HSIP Assessment Toolbox

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Program Review

In general, a program review is a thorough analysis of key program components and the processes employed by the agency in managing the program.  The reviews are conducted to 1) ensure compliance with Federal requirements; 2) identify opportunities for greater efficiencies and improvements to the program; and/or 3) identify exemplary practices.  They can be referred to, or are known as, program improvement reviews, program assessments, program/product evaluations, or continuous process improvement initiatives. ¹

A program review is an effective means to conduct a periodic evaluation of the overall HSIP, a particular element of the HSIP (i.e., SHSP, State HSIP, HRRRP, RHXP) or to focus on a process within the HSIP (i.e., planning, implementation, evaluation). Sample program review topics are included in the Appendix.

The Data portion of this assessment tool will focus on how data is utilized to support the various programs under the HSIP. An assessment of a State’s crash data can be accomplished through FHWA’s Crash Data Improvement Program (CDIP). In addition, an assessment of your State’s entire traffic records system can be achieved through a Traffic Records Assessment sponsored by the National Highway Traffic Safety Administration.

The targeted area for a program review is often identified through the Division Office’s risk assessment process, in consultation with the SDOT, based on the stewardship agreement. Safety specialists might consider using a self assessment tool, such as the Program Delivery Improvement Tool (as described in the previous section), to feed the risk assessment process. The PDIT activity statements can be useful tools to gauge the overall “temperature” of the HSIP. A program review may be warranted if the discussion surrounding a particular activity statement indicates:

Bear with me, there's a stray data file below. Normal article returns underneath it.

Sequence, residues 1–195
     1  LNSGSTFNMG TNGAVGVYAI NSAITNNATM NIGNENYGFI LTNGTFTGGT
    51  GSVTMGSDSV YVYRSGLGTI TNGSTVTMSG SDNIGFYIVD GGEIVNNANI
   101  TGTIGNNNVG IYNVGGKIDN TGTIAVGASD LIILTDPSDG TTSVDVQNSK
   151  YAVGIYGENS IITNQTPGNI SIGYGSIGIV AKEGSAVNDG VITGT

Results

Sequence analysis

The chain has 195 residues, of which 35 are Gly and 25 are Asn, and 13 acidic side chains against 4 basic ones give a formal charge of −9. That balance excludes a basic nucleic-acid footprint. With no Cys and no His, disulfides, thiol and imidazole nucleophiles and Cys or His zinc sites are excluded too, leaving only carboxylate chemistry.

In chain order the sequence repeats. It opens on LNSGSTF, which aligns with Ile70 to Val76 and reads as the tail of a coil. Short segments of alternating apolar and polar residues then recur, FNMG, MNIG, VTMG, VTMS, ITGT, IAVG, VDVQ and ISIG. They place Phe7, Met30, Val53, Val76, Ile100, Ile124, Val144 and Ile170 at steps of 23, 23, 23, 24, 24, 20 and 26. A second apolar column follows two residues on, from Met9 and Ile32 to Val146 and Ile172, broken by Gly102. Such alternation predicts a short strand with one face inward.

• Opportunities for improvement in a particular area.
  • This is not how the SDOT currently does business.
  • There has been no change in the current process for a number of years.
  • A new process has been established recently.

The following are examples of questions that a HSIP Program Review may help to answer:

  • Is the State seeing a positive impact from the implementation of the HSIP?
  • Is the HSIP in compliance with the law and regulation?
  • Is the State using the best project identification process given the available data?
  • Is the HSIP truly data driven?
  • Does the HSIP address all public roads?
  • Can areas for improvement be identified?
  • Are there noteworthy practices that would benefit HSIP peers?
  • Are the HSIP evaluation results feeding back into the planning element of the HSIP and also affecting department policies and design standards?
  • Does the HSIP consider an appropriate balance between “hot spot” projects and systemic projects?
  • Why are HSIP obligation rates lower than that of other Federal-aid program areas?

The examples provided below further illustrate scenarios for which a HSIP program review may be beneficial.

Text Box: Example A   Carol, a State safety engineer, is concerned about the effectiveness of the safety program. To further complicate things, a new regulation was issued that may affect how they do business. While she suspects that most of the program elements are at least partly consistent with the regulation, she is concerned about compliance. Therefore, Carol has decided to partner with her FHWA Division Office to conduct a program review. Text Box: Example B  For the purposes of managing turnover and legacy issues at the State, Carol is interested in documenting the processes by which they administer their HSIP. Carol has determined that an internal program review can best help her accomplish this goal.